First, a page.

KennethD
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Old Nov 9, 2004, 10:27 AM   #3
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There are better opinions available but so farnone popping up here, take a look at "At your convenience....recommendations please" or something close to that. Might not quite be your answer but it will give you a better idea of some of the various points to consider. Much more depth than my reply...Best regards,

KennethD
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Old Nov 9, 2004, 10:41 AM   #4
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any of the panasonic fz1, 3, 10, 15 or 20's will be good.

you may want to check out the panasonic forum on this site towards the bottom of the lists.

i just recevied my fz1 which is for my father who only does point and shoot with little changes.

there is software that can enhance most pictures from any camera.

the panasonic has a 12x optical zoom

other cameras will go wider for closeups

gl on finding you camera. the fz1 was priced at $179 at www.viking.com let them know others have purchased last week at this price.
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Old Nov 9, 2004, 11:13 AM   #5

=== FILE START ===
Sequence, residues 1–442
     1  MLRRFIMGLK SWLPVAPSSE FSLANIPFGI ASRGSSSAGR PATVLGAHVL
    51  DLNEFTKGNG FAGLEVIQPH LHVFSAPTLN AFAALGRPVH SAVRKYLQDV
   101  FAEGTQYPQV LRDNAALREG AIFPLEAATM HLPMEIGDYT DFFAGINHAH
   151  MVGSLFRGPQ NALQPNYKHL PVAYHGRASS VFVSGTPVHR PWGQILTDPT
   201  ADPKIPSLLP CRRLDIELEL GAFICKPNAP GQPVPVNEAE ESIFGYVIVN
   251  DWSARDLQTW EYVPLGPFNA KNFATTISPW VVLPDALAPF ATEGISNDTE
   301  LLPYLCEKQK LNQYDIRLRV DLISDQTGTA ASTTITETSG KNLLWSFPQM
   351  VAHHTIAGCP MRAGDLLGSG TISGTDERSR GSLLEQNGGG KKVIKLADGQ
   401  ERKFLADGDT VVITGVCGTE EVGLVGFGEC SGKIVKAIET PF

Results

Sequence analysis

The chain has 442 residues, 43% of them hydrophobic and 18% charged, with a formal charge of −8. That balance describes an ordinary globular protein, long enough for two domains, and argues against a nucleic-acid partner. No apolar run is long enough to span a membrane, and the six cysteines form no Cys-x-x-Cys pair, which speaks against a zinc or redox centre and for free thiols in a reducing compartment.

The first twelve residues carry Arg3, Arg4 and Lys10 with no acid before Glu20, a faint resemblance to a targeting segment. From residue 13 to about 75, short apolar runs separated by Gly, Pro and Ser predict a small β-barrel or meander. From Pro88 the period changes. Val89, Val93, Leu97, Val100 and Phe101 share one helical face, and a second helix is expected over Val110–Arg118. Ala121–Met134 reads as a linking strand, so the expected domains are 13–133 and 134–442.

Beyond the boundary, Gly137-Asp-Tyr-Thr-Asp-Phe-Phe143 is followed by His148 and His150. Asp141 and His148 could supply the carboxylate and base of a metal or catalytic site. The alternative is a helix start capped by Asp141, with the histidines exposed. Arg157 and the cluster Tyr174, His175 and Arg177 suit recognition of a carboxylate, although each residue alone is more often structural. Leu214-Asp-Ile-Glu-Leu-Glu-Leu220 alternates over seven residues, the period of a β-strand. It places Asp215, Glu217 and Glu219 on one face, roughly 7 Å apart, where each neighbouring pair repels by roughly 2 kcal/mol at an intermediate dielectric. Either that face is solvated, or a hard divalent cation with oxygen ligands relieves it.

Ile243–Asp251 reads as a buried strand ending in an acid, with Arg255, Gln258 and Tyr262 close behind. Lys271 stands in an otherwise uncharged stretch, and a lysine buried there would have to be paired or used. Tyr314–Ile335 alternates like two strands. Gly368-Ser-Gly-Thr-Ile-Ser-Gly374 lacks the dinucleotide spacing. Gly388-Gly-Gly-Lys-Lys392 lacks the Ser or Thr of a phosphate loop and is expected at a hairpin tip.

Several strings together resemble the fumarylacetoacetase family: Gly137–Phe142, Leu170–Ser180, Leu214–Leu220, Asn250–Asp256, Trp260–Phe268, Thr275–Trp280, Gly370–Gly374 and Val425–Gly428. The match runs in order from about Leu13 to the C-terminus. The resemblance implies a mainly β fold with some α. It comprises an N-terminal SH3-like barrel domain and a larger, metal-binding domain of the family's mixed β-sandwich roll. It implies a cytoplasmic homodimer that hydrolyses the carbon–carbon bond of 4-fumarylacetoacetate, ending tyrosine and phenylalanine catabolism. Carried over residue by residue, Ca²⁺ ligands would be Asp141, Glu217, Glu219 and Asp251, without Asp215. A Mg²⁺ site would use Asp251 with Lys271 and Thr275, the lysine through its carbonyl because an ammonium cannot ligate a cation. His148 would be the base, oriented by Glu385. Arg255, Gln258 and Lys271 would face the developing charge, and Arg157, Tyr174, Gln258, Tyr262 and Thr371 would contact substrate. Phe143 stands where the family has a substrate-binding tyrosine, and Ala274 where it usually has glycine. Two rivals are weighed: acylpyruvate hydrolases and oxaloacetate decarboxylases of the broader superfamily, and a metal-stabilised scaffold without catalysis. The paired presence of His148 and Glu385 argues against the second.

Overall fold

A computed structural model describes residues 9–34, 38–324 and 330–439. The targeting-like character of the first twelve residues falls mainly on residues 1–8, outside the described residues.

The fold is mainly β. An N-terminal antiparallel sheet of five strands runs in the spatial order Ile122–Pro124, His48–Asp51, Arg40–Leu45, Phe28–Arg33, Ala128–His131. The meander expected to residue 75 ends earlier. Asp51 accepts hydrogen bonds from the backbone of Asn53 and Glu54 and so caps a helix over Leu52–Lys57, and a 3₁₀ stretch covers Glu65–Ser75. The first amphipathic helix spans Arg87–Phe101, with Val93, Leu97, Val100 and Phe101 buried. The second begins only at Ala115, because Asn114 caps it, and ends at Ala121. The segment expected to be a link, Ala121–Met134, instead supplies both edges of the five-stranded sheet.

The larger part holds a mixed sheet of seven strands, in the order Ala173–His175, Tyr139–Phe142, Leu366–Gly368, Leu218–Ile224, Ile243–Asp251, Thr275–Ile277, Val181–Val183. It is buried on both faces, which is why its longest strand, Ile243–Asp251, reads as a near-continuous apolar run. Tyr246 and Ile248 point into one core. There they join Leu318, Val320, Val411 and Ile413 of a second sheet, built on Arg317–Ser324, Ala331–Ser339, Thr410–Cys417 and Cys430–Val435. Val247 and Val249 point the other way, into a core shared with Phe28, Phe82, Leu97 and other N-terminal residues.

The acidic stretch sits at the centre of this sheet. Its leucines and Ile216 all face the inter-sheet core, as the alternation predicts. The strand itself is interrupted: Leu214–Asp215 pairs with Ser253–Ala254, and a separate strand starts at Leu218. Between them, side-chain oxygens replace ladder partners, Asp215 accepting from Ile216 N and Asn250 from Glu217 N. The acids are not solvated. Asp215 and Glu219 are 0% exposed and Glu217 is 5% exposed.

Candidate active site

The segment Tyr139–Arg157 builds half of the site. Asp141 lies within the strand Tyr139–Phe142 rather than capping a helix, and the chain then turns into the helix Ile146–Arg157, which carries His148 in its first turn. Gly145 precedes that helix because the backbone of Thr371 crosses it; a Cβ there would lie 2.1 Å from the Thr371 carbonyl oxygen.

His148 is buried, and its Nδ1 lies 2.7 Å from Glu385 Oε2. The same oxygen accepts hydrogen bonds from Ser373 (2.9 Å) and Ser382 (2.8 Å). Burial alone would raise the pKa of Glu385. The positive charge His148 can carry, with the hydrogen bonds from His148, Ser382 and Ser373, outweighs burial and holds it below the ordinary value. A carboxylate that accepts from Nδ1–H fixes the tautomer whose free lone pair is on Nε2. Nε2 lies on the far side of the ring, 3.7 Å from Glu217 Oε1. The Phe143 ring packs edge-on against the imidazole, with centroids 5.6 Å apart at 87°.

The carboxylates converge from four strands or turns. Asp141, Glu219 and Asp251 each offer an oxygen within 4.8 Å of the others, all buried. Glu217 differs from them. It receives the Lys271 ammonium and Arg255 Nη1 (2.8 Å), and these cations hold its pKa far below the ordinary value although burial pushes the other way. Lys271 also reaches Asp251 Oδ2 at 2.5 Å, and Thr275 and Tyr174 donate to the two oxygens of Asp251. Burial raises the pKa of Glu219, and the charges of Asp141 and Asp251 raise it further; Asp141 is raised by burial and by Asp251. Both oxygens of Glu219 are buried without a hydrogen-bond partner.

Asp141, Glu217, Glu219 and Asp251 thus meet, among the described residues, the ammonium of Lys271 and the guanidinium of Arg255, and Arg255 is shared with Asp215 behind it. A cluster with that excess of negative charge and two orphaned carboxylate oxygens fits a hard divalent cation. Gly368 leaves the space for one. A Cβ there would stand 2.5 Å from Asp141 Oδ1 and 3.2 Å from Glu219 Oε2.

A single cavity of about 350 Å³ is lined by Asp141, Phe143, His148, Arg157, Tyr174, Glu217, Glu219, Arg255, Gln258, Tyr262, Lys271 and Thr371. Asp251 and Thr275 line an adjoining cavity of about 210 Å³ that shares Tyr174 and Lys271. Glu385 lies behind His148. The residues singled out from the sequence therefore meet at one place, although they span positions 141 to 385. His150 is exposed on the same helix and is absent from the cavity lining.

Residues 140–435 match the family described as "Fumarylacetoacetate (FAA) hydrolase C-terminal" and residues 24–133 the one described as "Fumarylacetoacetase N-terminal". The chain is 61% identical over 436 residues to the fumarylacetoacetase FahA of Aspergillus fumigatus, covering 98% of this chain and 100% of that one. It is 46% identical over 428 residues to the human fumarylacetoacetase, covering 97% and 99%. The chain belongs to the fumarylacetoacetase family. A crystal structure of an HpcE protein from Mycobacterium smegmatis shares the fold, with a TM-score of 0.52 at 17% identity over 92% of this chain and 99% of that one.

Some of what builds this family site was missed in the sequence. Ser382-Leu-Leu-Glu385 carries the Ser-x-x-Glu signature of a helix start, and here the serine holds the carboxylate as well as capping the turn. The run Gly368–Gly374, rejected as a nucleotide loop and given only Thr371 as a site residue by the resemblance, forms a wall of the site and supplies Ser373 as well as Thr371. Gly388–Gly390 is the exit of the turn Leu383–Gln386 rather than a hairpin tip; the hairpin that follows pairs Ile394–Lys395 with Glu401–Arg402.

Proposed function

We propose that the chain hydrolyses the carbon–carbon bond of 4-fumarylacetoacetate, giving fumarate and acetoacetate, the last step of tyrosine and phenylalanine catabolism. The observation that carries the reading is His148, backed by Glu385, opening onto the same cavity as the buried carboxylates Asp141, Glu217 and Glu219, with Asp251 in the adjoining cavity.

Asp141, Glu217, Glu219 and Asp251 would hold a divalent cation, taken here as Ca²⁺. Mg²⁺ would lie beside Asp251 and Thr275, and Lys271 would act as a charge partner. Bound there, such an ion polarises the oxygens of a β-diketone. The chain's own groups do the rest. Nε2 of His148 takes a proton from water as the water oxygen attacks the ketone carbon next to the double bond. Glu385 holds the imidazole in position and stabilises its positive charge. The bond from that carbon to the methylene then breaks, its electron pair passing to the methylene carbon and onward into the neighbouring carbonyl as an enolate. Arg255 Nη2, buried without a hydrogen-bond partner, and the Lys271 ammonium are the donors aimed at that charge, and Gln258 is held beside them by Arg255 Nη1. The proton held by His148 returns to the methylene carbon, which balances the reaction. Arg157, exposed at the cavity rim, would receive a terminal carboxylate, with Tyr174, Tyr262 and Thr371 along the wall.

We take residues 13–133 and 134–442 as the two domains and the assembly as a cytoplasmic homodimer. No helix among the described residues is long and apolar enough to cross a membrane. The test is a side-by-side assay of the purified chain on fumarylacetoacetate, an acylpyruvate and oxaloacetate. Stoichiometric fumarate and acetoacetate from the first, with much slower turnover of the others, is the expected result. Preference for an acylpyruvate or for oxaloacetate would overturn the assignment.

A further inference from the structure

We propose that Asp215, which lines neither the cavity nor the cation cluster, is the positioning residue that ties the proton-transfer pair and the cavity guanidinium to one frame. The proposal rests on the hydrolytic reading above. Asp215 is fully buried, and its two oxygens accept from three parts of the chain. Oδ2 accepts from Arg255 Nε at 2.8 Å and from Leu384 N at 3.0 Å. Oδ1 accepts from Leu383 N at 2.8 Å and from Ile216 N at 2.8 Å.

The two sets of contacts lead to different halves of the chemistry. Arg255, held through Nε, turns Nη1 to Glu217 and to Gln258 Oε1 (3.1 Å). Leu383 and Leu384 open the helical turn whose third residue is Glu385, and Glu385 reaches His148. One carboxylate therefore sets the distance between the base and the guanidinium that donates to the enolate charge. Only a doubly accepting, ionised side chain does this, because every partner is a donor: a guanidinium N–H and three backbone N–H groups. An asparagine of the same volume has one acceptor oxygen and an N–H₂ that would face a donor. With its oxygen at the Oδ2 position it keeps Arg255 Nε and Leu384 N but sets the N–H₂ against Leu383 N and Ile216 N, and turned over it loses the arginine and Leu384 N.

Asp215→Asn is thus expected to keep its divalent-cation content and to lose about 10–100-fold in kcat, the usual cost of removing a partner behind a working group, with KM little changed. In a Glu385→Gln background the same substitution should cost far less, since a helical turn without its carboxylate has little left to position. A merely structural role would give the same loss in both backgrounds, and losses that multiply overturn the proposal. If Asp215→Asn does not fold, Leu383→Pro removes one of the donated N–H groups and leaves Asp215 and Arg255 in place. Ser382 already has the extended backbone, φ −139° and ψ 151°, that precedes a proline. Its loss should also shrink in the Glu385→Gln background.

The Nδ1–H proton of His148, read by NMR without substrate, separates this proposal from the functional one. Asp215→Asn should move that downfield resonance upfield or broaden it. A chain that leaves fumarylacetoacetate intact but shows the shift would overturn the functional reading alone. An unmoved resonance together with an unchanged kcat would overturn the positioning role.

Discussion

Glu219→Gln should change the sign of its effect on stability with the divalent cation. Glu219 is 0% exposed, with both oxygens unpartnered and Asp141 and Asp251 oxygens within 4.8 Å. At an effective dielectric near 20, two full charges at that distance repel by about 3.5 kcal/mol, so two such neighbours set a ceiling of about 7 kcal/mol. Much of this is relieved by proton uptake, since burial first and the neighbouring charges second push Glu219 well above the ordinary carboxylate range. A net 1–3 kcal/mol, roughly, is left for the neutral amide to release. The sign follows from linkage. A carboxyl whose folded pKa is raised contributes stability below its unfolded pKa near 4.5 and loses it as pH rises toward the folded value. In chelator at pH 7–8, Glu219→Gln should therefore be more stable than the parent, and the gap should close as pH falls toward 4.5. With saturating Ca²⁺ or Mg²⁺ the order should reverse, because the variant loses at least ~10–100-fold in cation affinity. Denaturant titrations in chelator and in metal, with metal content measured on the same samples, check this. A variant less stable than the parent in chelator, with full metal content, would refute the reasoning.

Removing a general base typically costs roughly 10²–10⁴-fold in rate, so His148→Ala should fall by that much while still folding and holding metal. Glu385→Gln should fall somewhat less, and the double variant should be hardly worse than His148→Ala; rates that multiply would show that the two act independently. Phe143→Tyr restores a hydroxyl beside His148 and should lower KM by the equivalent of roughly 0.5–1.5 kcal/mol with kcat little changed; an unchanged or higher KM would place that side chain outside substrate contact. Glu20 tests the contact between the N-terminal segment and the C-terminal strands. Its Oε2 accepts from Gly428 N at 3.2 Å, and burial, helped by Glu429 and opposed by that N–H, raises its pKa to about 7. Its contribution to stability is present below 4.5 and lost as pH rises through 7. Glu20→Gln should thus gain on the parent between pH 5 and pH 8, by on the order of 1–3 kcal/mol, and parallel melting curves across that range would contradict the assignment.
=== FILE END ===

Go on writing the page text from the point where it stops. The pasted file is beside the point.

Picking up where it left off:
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Thanks very much for the info. I decided to go with the Canon PowerShot G6. I heard a lot of good things about it.
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Old Nov 9, 2004, 11:17 AM   #6
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cool, enjoy the world of digital pics
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Old Nov 9, 2004, 11:38 AM   #7
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Probably just for the archives:G but some of the dslrs manufacturers sell data verification kits. Worth looking into if it ever comes down to being presented in court.
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Old Nov 9, 2004, 12:09 PM   #8
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Very interesting. Do you have anyinfo about any particular products (brand names, etc.)? Thanks for the tip.
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Old Nov 9, 2004, 1:31 PM   #9
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One of the ones is from canon DVK-E2 it works with the 1d mkII and the 20d. There is a kit for the 1ds, but that is probably way to excessive. The kit runs 700 figure 1500 for body and whatever for the lens. Not cheap, but it does prove when a photo was taken, and that it is as originally shot.http://www.bhphotovideo.com/bnh/cont...ist&sku=319787
this _will_ be much more expensive than the g6, but low light
as well as proof of integrity may make it worthwhile. It is
more typical for this to be used by law enforcement, but could be useful here to.
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Old Nov 9, 2004, 1:47 PM   #10
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Amazing product. I had no idea such a thing existed. Thanks.